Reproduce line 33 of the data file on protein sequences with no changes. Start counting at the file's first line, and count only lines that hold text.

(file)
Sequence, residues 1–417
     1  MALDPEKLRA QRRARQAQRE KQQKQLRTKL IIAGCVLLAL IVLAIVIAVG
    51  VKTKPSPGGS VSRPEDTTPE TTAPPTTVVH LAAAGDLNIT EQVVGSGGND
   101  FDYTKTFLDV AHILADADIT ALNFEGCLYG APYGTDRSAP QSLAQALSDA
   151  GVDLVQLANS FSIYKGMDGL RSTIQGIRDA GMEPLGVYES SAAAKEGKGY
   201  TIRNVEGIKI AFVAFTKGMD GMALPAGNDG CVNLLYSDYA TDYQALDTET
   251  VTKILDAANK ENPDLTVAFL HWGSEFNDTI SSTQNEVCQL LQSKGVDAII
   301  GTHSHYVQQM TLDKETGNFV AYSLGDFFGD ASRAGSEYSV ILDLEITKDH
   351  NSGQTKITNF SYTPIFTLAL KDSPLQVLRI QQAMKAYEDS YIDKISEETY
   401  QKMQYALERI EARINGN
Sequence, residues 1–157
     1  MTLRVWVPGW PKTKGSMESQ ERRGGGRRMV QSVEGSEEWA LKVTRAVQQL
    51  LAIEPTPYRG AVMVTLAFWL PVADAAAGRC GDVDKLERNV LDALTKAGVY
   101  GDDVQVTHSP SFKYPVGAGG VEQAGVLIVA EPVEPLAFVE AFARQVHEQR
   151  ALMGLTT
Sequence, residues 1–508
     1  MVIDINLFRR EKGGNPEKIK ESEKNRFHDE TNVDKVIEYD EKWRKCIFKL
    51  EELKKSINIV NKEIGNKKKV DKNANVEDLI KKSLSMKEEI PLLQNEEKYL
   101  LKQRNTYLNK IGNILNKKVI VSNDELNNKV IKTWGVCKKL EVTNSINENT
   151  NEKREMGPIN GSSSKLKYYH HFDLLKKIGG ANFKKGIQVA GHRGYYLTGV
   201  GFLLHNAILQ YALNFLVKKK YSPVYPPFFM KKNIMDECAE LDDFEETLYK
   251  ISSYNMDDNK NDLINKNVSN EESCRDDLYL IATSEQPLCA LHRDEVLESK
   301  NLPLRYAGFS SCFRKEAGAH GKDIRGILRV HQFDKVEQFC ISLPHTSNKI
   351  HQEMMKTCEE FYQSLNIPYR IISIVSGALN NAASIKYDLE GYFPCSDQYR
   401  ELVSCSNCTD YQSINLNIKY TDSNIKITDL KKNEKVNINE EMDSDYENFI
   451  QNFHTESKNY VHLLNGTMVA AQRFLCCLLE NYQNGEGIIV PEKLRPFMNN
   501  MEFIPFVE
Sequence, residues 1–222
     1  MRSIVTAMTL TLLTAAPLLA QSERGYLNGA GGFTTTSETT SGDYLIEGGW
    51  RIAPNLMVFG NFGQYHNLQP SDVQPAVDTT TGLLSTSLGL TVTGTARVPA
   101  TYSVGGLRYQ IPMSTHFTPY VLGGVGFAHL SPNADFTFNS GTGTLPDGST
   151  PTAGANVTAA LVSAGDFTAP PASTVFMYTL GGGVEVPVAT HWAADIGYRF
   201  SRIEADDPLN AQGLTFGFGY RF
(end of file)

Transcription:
   201  SRIEADDPLN AQGLTFGFGY RF